Highly aromatic caraway seeds have a distinctive mild anise flavor that adds a welcome and subtle licorice hint to many dishes. Their taste is earthy with a hint of citrus and pepper. A frequent addition to spice cabinets, caraway seeds are the dried fruit of the caraway plant, not seeds at all. Nevertheless, they're commonly referred to as caraway seeds in the culinary arts. If you've ever eaten rye bread, you no doubt tasted caraway seeds.
Caraway seeds are similar in flavor to aniseed—not star anise—and you can substitute anise seeds for caraway seeds in a recipe if you don't have any caraway in your spice cabinet.
Using Caraway Seeds in Cooking
Caraway seeds are frequently used in baking. The seeds found in most types of rye bread and soda bread are caraway seeds, and they are a traditional ingredient in British seed cake. Caraway seeds are also used in flavoring curries, soups, sausages, vegetables and even liqueurs, such as the flavored Scandinavian spirit aquavit. They're sometimes used in pickling and brining as well. Caraway seeds pair well with garlic, pork and cabbage. Ways to use caraway seeds include:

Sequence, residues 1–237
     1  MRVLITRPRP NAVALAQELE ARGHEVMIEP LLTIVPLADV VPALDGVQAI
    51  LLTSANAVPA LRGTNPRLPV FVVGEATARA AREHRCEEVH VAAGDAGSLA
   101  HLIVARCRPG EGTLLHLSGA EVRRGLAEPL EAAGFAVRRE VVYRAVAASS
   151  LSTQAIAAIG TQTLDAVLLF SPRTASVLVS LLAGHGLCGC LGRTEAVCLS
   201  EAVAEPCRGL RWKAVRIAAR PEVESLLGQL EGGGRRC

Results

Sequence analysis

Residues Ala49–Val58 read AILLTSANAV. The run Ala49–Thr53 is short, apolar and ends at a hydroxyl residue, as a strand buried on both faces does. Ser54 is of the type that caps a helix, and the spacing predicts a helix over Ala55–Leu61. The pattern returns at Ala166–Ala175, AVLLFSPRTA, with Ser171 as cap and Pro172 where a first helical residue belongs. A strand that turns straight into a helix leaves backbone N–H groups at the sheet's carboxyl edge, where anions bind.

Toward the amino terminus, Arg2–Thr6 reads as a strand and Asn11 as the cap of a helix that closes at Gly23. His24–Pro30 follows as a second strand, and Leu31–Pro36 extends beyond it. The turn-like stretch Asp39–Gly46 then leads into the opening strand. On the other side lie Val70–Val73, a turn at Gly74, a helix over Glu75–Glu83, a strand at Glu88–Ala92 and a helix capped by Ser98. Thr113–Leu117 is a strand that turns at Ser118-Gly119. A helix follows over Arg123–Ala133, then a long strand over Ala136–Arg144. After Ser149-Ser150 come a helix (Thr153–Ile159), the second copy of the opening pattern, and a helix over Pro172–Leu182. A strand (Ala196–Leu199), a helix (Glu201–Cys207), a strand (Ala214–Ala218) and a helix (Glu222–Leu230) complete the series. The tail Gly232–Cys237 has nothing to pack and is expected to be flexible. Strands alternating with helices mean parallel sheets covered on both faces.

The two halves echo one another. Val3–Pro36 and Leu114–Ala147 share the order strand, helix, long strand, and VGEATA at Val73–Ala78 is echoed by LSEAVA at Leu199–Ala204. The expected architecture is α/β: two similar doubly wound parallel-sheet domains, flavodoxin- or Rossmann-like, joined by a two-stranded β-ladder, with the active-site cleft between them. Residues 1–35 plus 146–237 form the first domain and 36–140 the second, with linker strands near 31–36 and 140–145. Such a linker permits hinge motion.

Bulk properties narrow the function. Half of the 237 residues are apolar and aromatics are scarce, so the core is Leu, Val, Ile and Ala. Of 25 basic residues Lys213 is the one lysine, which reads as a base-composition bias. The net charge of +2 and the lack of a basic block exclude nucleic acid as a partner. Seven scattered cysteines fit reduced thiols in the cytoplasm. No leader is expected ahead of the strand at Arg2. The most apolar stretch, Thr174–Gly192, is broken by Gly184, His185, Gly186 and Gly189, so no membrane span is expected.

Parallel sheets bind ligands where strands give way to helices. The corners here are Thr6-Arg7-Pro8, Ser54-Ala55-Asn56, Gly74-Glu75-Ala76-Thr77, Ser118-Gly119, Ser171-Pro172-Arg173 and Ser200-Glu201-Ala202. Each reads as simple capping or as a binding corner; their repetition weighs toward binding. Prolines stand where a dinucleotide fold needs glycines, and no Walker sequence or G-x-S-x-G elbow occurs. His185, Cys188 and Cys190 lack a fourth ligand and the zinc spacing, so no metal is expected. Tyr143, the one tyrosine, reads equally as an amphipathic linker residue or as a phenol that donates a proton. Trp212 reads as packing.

- Add caraway seeds to potato salad or coleslaw
- Add a pinch to any tomato-based sauce or soup
- Sprinkle over roasted potatoes or sweet potatoes
- Mix into cheese dip
- Sprinkle onto baked apples to enhance the flavor
- Add to shortbread cookies or Irish soda bread cookies
- Use to flavor beef goulash or kielbasa stew
- Add to any recipe that includes cabbage
- Use with a pork roast or pork chops
Caraway Seeds as Substitutes
Caraway and cumin both belong to the parsley family and they are similar in taste. You can substitute ground caraway seeds in recipes that call for ground cumin, although the flavor will not be as strong or hot.
Caraway seeds are also an acceptable substitute for coriander seeds in recipes.
When you make a spice substitution, start out using half the recommended amount and taste as you go. You'll probably be able to add the entire amount, especially if you are substituting with a spice that has languished in the spice cabinet for a while and lost some potency. However, you may need to make adjustments to other spices in the recipe you are following.
How to Toast Caraway Seeds
Toasted caraway seeds are a flavorful addition to breads and salads, but the earthy fennel and anise taste is mild until the seed is cooked or dry roasted. To toast caraway seeds, place a small dry skillet over medium-high heat and add the seeds. Cook for 2 or 3 minutes or until the seeds are fragrant. Remove from heat and let the seeds cool. Then add them to your favorite baked goods.
The Leaves and Roots of Caraway Plants
The caraway plant is a member of the carrot family. The leaves of the caraway plant can be used like any leafy herb, much like its relative parsley. In addition, the root of the caraway plant can be cooked and eaten like any root vegetable.